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Cavern Of Crab Shells Shows Neanderthals Were Fine Diners, Just Like Us

Step aside, Gordon Ramsay.


Tom Hale

Tom is a writer in London with a Master's degree in Journalism whose editorial work covers anything from health and the environment to technology and archaeology.

Senior Journalist

A model of a Neanderthal adult male at the Natural History Museum in London.

A model of a Neanderthal adult male at the Natural History Museum in London. Image credit: IR Stone/

Archeological discoveries along the Portuguese coast show that Neanderthals were fine diners who enjoyed roasting crabs and other shellfish over 90,000 years ago. The new study is yet another reminder that our closest cousins were not the knuckleheads they are often depicted as, but an intelligent species that bear many close similarities to us. 

Researchers made the discovery at the site of Gruta de Figueira Brava, located within a cave just south of Lisbon. Along with finding a treasure trove of stone tools and charcoal, they also discovered a wealth of shells and bones.


Of all the remains discovered here, brown crabs were the most abundant. By closely studying the patterns of damage on the shells and claws, they ruled out the possibility that the butchered crabs entered the cave due to hungry birds, rodents, or any other animal carnivores.

Furthermore, many of the shells and bones were marked with black burns, which showed they were heated to over 300°C (572°F), indicating they had been roasted for the purpose of eating.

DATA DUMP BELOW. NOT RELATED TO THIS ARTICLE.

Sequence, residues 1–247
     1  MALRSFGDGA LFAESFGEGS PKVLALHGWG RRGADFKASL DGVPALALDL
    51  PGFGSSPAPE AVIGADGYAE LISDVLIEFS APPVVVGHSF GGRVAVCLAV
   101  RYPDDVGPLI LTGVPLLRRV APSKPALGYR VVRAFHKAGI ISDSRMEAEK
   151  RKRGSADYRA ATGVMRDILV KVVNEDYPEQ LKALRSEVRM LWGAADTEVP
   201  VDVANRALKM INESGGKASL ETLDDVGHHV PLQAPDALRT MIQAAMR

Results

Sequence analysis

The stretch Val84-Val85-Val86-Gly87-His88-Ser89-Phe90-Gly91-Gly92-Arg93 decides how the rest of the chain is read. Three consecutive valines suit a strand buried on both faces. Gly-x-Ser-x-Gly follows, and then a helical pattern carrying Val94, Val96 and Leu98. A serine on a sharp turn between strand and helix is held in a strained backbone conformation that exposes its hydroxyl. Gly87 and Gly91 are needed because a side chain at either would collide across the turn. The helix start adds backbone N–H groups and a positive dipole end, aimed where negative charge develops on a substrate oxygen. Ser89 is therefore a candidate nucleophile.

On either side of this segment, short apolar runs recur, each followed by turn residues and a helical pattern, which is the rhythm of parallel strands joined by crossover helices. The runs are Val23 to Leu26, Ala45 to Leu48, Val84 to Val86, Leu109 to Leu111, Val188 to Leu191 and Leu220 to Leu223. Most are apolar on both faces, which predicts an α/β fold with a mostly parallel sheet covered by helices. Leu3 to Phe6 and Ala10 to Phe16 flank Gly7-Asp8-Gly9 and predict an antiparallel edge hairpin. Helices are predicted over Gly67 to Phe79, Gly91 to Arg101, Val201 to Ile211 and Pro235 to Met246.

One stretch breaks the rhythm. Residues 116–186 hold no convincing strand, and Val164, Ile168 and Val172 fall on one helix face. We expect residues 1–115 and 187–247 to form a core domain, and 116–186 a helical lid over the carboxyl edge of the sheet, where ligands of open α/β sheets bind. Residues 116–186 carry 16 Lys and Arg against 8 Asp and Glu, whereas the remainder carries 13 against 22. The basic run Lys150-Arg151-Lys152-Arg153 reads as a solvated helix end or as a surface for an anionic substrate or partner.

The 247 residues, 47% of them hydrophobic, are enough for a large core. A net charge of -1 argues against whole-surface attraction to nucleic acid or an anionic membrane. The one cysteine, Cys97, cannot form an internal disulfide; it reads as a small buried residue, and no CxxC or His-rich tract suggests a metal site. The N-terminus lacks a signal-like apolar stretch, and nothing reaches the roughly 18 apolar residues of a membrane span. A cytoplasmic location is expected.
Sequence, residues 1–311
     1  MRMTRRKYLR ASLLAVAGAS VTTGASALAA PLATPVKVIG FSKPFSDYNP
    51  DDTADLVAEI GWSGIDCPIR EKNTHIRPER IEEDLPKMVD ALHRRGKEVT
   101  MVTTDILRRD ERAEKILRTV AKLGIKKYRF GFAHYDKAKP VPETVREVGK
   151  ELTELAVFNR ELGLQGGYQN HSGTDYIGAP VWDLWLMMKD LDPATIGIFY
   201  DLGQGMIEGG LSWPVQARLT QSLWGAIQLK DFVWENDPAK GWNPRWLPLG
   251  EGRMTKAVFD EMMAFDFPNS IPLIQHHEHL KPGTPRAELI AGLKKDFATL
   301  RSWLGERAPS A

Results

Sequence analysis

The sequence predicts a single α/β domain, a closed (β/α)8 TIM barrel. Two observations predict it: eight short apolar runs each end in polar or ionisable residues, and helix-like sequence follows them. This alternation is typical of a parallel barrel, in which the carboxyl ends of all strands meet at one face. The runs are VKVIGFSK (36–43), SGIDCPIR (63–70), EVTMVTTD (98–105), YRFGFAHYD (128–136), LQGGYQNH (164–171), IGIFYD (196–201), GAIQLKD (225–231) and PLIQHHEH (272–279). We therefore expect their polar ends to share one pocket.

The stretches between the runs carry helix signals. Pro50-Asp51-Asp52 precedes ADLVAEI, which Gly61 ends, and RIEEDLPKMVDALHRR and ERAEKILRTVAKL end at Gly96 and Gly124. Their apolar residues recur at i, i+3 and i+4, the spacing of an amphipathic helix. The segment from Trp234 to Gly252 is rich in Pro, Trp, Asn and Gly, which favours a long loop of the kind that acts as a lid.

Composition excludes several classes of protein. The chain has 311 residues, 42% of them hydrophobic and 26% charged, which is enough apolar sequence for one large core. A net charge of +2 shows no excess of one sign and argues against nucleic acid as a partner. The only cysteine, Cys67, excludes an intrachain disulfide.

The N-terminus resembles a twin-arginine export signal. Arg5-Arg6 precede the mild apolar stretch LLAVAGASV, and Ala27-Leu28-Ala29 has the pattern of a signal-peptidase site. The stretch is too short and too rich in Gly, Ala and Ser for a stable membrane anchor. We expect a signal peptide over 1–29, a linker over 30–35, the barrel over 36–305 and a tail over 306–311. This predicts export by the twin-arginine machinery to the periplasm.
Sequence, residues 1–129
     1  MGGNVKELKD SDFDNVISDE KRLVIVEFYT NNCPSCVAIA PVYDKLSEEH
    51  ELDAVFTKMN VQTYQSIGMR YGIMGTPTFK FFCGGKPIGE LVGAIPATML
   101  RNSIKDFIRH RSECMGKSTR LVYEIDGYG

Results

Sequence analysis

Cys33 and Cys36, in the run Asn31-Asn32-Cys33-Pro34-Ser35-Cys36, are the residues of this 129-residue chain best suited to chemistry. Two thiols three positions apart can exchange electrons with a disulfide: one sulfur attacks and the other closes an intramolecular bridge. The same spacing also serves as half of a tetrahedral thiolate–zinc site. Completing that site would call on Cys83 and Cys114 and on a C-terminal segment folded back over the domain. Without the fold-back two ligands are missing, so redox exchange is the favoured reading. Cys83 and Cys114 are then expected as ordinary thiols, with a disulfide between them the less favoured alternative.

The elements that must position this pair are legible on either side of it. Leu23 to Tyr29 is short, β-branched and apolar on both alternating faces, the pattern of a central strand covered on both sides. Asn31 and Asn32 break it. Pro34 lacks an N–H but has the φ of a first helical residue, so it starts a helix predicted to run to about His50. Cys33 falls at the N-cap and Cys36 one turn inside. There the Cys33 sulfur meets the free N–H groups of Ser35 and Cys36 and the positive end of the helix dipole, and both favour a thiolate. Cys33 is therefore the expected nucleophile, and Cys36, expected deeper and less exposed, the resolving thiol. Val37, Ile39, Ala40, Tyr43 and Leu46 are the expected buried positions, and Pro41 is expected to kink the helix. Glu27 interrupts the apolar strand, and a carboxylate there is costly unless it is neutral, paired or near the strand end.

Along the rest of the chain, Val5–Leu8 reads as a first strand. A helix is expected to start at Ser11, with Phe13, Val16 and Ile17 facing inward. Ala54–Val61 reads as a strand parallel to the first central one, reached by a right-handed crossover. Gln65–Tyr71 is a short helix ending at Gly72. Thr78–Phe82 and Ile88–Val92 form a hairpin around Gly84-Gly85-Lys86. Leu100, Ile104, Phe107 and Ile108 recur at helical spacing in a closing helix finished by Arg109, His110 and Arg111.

View of the Figueira Brava cave in Portugal where Neanderthals lived in prehistoric times

View of the Figueira Brava cave with its three entrances. Image credit: João Zilhão

Altogether, the work showed that Neanderthals would harvest brown crabs in rock pools along the coast, specifically targeting the meatier adults. They would then bring them up the hill and into their cave, where they would be deshelled, roasted, and (no doubt) enjoyed. 

The archeological site demonstrates how Neanderthals developed a variety of cultures across the world. Just like Homo Sapiens, Neanderthals developed their own ways of living that were in tune with their surroundings and experiences. 


“The notion of the Neanderthals as top-level carnivores living off large herbivores of the steppe-tundra is extremely biased,” Dr Mariana Nabais, lead study author from the Catalan Institute of Human Paleoecology and Social Evolution (IPHES-CERCA), said in a statement

“Such views may well apply to some extent to the Neanderthal populations of Ice Age Europe’s periglacial belt, but not to those living in the southern peninsulas — and these southern peninsulas are where most of the continent’s humans lived all through the Paleolithic, before, during and after the Neanderthals,” she added

With this bold demonstration of their brain power, this site is also another example of why should shake off old stereotypes about our Neanderthal cousins. Just like us, they were deeply intelligent, creative, and emotionally sensitive.

In fact, the comparisons with modern humans run so deeply that some researchers argue that we shouldn’t think of Neanderthals as separate species to us, but as a mere sub-species.


“Our results add an extra nail to the coffin of the obsolete notion that Neanderthals were primitive cave dwellers who could barely scrape a living off scavenged big-game carcasses,” explained Nabais.

“Together with the associated evidence for the large-scale consumption of limpets, mussels, clams, and a range of fish, our data falsify the notion that marine foods played a major role in the emergence of putatively superior cognitive abilities among early modern human populations of sub-Saharan Africa,” Nabais added.

The new study was published in the journal Frontiers in Environmental Archaeology.


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